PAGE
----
What are we trying to do
Help those we regulate understand how the Government’s plans for EU exit may impact on the regulation of EU lawyers practising in England and Wales and UK lawyers practising in the EU.
Who needs to know
European lawyers working in the UK (such as RELs or EELs) on a permanent or on a temporary basis, or UK solicitors working in the EU, or UK firms with offices in the EU.
What's going on
The UK is planning for exiting the EU, and the Government is preparing for a number of scenarios. One option is that a deal will be done with the EU. The government's draft withdrawal agreement proposes a transition period (to 31 December 2020). Under the transition arrangements the status quo will remain, which includes the mutual recognition of professional qualifications as well as plans for a mobility framework for UK and EU professionals.
However, the Government is also preparing for a 'no deal' scenario. This has included publishing information on the impact of 'no deal' on EEA lawyers practising in the UK. The Government has prepared three statutory instruments relating to the status of EU lawyers to implement changes in a no deal scenario. So we have prepared information to help those we regulate understand the impact a no deal exit ,the statutory instruments, and their options should a 'no deal' scenario happen.
The timing for either a deal – or a possible no deal – is still uncertain. EU ambassadors have agreed an extension to Article 50 to 31 January 2020. Under 'flextension' clauses, Britain can leave earlier than January 31 if the new withdrawal agreement is ratified before November 30 or December 31 2019.
Applying for REL status
We can still accept new REL applications until exit day (currently 31 January 2020).
Read our response to the Government's Technical Notice to find out more about what will happen if there is no deal.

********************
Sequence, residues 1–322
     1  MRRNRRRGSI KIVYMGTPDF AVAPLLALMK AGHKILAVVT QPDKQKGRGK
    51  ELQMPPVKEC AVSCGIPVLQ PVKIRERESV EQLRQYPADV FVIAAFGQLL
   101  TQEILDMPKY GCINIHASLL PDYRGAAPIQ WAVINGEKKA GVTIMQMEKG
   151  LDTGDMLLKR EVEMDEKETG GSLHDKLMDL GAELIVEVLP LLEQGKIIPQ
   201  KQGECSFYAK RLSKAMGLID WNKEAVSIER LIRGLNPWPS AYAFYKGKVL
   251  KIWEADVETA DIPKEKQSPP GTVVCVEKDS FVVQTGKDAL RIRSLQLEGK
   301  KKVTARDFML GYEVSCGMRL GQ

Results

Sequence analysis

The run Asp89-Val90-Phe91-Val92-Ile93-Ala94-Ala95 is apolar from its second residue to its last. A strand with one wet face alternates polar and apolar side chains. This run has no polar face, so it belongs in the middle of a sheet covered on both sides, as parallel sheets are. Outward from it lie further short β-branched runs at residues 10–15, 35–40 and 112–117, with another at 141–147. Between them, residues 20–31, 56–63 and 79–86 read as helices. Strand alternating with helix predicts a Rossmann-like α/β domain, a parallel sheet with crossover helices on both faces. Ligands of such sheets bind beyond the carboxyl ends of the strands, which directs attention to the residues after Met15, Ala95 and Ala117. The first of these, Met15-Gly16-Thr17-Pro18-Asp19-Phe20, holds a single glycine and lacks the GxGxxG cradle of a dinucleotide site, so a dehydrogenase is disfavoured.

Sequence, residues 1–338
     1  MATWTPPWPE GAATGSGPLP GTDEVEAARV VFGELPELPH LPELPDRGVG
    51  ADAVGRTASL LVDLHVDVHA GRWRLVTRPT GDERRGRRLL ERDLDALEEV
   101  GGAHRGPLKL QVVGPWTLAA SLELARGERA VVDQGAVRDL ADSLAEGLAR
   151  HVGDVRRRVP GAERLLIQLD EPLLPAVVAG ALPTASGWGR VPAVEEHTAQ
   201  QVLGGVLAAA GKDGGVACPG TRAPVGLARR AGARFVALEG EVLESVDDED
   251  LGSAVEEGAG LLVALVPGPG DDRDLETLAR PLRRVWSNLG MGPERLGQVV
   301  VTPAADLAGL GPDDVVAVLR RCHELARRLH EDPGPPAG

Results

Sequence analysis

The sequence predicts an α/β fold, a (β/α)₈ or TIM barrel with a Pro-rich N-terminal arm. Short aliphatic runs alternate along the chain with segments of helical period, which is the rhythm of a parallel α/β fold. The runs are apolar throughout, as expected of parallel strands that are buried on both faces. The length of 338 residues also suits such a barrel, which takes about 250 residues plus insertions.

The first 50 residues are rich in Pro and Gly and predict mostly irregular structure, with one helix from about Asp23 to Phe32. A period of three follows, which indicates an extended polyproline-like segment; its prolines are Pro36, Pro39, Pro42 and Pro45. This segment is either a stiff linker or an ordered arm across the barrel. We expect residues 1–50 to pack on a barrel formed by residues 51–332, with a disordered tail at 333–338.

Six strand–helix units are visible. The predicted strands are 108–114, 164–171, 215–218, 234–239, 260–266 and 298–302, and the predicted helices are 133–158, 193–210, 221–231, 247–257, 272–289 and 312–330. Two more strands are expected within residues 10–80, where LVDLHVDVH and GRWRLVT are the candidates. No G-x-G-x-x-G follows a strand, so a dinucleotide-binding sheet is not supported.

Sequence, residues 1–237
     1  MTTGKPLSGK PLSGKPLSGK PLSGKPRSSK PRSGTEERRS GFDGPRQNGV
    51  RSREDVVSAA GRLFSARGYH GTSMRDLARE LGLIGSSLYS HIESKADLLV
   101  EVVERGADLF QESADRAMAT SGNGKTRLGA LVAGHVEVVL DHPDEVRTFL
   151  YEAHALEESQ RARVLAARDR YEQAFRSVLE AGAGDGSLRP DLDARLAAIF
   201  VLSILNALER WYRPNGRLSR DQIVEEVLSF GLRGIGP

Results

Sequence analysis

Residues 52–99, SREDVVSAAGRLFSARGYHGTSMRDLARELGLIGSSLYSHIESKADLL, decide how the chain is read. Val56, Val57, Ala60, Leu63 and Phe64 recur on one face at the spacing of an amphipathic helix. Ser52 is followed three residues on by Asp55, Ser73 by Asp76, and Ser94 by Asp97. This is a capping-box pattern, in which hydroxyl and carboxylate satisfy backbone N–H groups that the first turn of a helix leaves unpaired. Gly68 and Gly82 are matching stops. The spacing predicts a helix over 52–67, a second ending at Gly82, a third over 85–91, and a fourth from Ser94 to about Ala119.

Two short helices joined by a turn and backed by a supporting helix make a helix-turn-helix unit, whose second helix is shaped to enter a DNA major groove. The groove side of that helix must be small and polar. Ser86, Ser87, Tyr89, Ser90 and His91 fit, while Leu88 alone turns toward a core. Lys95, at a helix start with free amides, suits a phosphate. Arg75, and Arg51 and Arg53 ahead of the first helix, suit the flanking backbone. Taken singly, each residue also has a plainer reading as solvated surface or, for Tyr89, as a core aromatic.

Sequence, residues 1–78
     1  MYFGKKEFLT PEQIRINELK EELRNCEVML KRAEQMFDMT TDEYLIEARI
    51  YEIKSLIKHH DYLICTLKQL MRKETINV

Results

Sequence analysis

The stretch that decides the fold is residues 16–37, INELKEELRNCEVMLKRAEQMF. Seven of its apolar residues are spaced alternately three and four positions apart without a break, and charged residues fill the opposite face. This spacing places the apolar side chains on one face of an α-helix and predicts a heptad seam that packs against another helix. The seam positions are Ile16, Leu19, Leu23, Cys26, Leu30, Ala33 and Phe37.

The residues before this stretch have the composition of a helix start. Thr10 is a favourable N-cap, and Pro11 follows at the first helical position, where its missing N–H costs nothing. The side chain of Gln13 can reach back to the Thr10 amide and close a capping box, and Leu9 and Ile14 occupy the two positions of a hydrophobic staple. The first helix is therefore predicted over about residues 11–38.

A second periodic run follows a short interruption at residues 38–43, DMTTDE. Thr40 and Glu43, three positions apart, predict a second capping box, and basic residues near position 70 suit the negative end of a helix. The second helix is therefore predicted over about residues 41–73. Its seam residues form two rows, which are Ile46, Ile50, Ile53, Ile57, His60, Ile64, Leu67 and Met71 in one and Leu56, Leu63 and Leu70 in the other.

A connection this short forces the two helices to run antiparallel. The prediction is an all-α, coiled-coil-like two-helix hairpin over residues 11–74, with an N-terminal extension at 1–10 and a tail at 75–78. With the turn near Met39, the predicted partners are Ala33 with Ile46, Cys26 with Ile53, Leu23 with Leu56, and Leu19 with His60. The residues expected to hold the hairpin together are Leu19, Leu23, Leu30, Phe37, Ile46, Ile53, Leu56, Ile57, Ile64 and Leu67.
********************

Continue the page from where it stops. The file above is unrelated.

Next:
Working in the EU
The UK Government’s arrangements will have no effect on solicitors qualified in England and Wales practising in the EU. The practice rights of these solicitors will be determined by the regulatory framework for lawyers from outside the EU in the particular jurisdiction that they practice.
Solicitors in this situation should find out their position by contacting the relevant regulatory authority and/or the local bar association or law society and take the steps recommended by them.
They may also want to consider the potential to re-qualify in the legal profession of that jurisdiction under the Establishment Directive, or under the Mutual Recognition of Professional Qualifications Directive.
We have written to solicitors who we know are practising in the EU.
The Law Society has provided further guidance for solicitors working in the EU.
Keeping information safe – ICO
The Information Commissioner’s Office has produced guidance on preparing for and keeping information safe in the event of a no-deal Brexit. Its website contains information on the impacts and necessary preparations for exchanging data after a no deal exit, and an interactive tool has been developed to help you keep personal data safe.
Want to know more
You can contact our Professional Ethics Helpline for further advice.
We will also use this page to provide further news and updates as we get them.Open all
Read our statement setting out the SRA’s high level view and position on the Technical Notice
Read our Guidance and Q&As on the Government's Technical Notice on the impact of a 'no deal' EU exit scenario on EU lawyers, particularly Registered European lawyers, practising in the UK.
Read our separate guidance and Q&As on the particular impacts of a potential 'no deal' scenario on exempt European lawyers.
We also previously published a review of some of the potential issues for legal services in Exiting the EU: An update for lawyers. We plan to update this when we are in a position to provide updates.
The Law Society guidance on Brexit and the legal sector.